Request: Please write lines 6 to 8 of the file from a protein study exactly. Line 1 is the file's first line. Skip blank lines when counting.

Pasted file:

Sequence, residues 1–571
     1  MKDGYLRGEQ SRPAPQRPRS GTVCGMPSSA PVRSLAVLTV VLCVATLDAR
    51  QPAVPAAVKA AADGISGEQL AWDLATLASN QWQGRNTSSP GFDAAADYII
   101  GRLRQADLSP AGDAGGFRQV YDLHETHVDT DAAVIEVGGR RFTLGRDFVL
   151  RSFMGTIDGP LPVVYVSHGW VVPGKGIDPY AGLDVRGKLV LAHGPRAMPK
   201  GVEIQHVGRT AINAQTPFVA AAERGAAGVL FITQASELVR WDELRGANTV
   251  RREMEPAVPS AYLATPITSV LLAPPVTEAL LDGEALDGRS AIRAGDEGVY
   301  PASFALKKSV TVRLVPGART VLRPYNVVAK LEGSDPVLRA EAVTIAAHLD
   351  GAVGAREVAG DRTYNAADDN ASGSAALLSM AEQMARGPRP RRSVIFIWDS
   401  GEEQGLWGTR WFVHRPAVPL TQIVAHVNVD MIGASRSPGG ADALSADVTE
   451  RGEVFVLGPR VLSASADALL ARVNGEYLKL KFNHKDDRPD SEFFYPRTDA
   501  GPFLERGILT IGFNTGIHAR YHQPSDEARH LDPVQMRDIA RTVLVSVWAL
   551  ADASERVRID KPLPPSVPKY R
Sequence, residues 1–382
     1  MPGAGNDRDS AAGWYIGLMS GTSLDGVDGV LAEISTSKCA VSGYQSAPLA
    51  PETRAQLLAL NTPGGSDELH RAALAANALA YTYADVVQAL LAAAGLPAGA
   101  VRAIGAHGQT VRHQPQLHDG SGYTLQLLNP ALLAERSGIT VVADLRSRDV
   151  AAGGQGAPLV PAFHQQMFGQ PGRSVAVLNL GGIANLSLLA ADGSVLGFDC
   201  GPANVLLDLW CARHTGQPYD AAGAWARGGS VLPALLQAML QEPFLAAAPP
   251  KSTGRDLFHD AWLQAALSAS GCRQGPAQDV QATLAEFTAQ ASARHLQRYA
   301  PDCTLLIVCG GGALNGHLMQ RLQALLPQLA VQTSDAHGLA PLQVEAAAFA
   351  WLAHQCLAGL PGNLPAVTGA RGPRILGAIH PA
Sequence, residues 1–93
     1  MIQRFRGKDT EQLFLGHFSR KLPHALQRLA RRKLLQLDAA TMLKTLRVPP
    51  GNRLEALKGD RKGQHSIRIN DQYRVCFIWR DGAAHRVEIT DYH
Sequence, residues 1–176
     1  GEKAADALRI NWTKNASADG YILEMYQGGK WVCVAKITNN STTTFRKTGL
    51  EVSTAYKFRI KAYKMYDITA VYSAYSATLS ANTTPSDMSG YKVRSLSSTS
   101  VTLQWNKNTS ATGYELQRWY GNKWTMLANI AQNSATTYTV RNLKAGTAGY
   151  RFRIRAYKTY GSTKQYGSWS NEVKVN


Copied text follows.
   201  GVEIQHVGRT AINAQTPFVA AAERGAAGVL FITQASELVR WDELRGANTV
   251  RREMEPAVPS AYLATPITSV LLAPPVTEAL LDGEALDGRS AIRAGDEGVY
   301  PASFALKKSV TVRLVPGART VLRPYNVVAK LEGSDPVLRA EAVTIAAHLD